A New Nuclear Arms Race: It’s Not Too Late
By Jack Segal | Aug. 15, 2020
The memory of the atomic bombings of Hiroshima and Nagasaki 75 years ago is fading as the last survivors die off. The global anti-nuclear movement of the 1960s, ’70s, and ’80s that used to bring massive crowds into the streets is long forgotten. Most people today do not even give a thought to the existential threat that nuclear weapons pose. But our lives rely on a hair-trigger nuclear-command system and on the hope that our leaders have the wisdom to ensure that an accidental or impulsive decision never occurs.
With each passing year, the potential for nuclear war increases. India-Pakistan, Israel-Iran, India-China. Nuclear-armed states are developing new, more powerful weapons but have neglected to develop confidence-building measures and a level of cooperation that has, until now, helped prevent conflicts from becoming nuclear war.
Indeed, both the U.S. and Russia seemingly have chosen to undermine the framework of stability developed since the 1960s. President-elect Donald Trump tweeted in December 2016 that the United States “must greatly strengthen and expand its nuclear capability” and that we should “outmatch” and “outlast” other potential competitors in a nuclear arms race. That vision of nuclear superiority didn’t start with President Trump. The across-the-board trillion-dollar modernization of our nuclear weapons systems began under President Obama. President Trump’s top arms control negotiator, Marshall Billingsley, described the administration’s approach. “We know how to win these [arms] races, and we know how to spend the adversary into oblivion … If we have to, we will, but we sure would like to avoid it.”
That last remark sounds like an open invitation to negotiate with our adversaries. But President Trump’s skepticism about the value of arms-control agreements has so far led elsewhere. The administration has systematically dismantled decades of arms-control agreements: The Anti-Ballistic Missile (ABM) Treaty and the Intermediate-Range Nuclear Forces (INF) Treaty have been terminated, the president intends to withdraw from the Open Skies Treaty in November, and now the New Strategic Arms Reduction Treaty, aka New START, is on life support.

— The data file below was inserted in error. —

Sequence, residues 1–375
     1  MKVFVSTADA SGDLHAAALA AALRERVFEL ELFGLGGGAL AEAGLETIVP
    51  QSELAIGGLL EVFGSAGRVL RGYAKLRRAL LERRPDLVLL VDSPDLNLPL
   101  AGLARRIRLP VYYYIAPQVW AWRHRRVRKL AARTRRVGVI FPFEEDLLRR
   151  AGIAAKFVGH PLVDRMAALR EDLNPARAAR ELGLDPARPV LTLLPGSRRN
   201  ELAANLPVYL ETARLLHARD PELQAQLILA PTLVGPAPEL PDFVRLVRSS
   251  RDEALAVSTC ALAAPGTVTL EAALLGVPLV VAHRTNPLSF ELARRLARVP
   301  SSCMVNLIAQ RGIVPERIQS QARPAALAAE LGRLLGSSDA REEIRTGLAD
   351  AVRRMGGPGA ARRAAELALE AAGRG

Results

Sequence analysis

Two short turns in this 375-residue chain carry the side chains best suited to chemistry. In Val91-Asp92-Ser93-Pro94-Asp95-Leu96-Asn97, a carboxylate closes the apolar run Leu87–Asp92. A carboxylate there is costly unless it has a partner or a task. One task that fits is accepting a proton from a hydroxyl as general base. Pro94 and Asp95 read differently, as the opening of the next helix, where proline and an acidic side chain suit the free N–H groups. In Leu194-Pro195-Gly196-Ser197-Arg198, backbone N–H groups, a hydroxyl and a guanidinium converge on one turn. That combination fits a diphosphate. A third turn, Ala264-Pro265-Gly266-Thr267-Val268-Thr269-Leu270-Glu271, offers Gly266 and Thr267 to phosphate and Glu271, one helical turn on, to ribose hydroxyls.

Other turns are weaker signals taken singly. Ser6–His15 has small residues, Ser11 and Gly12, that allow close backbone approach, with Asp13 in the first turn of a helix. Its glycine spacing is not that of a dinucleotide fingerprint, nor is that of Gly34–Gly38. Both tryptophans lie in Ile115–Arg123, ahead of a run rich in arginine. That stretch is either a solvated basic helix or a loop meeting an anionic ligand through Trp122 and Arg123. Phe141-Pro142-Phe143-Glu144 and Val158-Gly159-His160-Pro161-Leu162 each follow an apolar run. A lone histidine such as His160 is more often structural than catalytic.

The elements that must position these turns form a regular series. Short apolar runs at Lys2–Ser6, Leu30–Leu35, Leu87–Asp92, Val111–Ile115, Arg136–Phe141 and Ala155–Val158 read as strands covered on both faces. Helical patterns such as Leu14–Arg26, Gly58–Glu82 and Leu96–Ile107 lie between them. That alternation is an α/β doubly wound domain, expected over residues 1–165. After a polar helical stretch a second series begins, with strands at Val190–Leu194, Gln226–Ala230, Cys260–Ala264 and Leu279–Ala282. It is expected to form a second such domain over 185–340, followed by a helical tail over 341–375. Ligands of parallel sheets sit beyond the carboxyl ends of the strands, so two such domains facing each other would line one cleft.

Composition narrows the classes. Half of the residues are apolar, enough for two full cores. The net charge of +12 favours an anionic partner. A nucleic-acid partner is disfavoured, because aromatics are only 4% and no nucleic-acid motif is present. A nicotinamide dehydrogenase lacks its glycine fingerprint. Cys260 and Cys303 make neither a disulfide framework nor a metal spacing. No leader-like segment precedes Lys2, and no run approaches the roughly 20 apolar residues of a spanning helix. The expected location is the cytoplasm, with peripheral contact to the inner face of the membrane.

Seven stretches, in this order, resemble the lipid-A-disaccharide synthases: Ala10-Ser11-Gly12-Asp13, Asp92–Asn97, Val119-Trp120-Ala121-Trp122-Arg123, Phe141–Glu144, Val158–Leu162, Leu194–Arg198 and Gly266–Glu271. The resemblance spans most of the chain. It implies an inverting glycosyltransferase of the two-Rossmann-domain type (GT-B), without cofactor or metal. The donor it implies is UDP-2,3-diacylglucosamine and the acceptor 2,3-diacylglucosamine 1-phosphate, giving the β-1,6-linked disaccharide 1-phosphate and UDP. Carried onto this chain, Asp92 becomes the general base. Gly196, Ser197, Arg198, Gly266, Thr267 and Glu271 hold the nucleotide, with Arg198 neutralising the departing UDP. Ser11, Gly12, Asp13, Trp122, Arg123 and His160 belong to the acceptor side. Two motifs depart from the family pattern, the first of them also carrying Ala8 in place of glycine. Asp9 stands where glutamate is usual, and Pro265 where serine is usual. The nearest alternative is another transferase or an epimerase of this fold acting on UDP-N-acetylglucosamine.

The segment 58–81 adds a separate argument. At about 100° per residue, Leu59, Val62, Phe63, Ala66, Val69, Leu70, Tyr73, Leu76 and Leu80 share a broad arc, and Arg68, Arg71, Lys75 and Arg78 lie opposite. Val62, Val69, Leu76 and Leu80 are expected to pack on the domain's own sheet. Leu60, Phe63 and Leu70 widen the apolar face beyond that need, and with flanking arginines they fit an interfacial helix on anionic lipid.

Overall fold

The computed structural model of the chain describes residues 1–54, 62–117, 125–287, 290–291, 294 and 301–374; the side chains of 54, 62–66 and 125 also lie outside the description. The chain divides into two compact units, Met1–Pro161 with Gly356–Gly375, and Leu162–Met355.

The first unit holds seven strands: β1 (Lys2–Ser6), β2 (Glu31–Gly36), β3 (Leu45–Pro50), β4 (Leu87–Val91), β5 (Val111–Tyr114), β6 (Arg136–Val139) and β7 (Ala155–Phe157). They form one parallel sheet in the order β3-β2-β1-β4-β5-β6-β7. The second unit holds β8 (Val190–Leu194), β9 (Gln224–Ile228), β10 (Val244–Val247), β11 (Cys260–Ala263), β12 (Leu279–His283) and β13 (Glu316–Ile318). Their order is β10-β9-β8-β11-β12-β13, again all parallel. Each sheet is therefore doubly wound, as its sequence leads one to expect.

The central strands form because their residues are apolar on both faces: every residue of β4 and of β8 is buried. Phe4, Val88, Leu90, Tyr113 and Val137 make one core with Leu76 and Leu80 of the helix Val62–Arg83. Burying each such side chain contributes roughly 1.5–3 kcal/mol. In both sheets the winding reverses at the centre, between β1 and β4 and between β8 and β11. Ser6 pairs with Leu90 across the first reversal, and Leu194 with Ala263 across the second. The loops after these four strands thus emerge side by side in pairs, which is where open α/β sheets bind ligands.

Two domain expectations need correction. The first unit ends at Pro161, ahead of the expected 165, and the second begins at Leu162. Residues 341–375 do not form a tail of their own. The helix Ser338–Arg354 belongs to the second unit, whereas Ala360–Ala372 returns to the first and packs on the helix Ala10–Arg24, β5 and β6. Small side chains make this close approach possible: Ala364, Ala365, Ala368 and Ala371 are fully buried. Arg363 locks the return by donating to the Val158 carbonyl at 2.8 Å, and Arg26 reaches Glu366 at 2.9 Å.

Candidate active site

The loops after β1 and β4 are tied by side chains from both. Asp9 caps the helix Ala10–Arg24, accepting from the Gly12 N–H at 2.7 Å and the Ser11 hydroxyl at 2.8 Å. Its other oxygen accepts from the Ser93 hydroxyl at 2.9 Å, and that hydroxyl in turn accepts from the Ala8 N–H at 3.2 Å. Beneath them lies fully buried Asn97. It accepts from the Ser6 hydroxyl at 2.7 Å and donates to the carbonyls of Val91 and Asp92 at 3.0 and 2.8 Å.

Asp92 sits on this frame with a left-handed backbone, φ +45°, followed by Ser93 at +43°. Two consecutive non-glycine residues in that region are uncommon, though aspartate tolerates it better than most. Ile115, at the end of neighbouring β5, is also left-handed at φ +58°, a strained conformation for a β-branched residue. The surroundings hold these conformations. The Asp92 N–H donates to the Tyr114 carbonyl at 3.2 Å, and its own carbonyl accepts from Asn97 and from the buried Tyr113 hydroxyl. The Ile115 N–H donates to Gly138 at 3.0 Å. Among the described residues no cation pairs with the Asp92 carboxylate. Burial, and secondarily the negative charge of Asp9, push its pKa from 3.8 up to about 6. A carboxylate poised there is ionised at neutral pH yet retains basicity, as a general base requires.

Unconstrained by arms control, our main competitors are now actively researching new, destabilizing technologies. In response, we seek to match or defeat the technologies about which Moscow has boasted and which Beijing has more quietly pursued. As the president promised, the Pentagon is determined to ensure that U.S. nuclear forces will not be overmatched. Pentagon planners are seeking faster-flying hypersonic missiles that will shorten the reaction time of decision-makers. New nuclear warheads with a “dial-a-yield” option offer the choice of “small” (as in Hiroshima-sized) nuclear explosions — a development that will surely eliminate the “firebreak” that has deterred using nuclear weapons for 75 years.
But no one seems willing to ask why. Why do we “need” thousands of new warheads, hundreds of new land-based and submarine-based missiles, hypersonic missiles, and new stealth bombers? No effort has been made to seize the opportunity of our huge modernization effort to try to reduce the numbers or to question whether we “need” pretty much the same weapons that emerged from the arms races of the 1950s.
Neither Moscow nor Beijing can afford this burgeoning new arms race. And neither can we. With new COVID-19-related multi-trillion-dollar demands on our “federal budget” (I use that term loosely), it seems that we should be exercising some fiscal responsibility.
One avenue that is still open is to renew our arms-control efforts. The last, and arguably most important arms-control agreement, “New START,” expires in February. The strategic stability that this treaty provides, its visibility on Russian strategic forces, and the transparency built into its verification measures will be lost. But it is not too late. Putin wants to extend New START while we negotiate over the flaws that both sides see in the treaty. Extending New START, would preserve its verifiable constraints on the other side’s arsenal, buy time to negotiate a better agreement, and pave the way for talks about intermediate-range missiles.
Was the treaty perfect? Of course not. Former chief negotiator Dr. Rose Gottemoeller said recently that the treaty needs to be revisited, and she agreed with the president that China needs to be brought into the arms-control arena. But she strongly disagrees that the treaty should be allowed to die. Everyone would lose — except perhaps the arms merchants.
Letting New START lapse next February, with nothing in its place, leaves the door open for an unconstrained arms race that serves no one’s interests and would surely increase the risk of nuclear confrontations. A mechanism for resolving disputes between us exists in New START. Dismantling that mechanism is unconscionable.
There are many crises today — the global pandemic, U.S.-China tensions, the Middle East, Ukraine … the list is long. We should not add nuclear weapons to that list. The solution is simple: Extend New START now, before the February 5, 2021, deadline. This would allow all the parties time to resolve their differences without the pressure of an artificial deadline.
Jack Segal is a retired senior US and NATO diplomat. He was a State Department representative to the START negotiations and authored what became the “US-USSR Agreement on Nuclear Risk Reduction.” (Learn more about it and other treaties and agreements at https://www.state.gov/about-us-nuclear-risk-reduction-center/ ) He now teaches graduate students at Norwich University and extended education classes at NMC.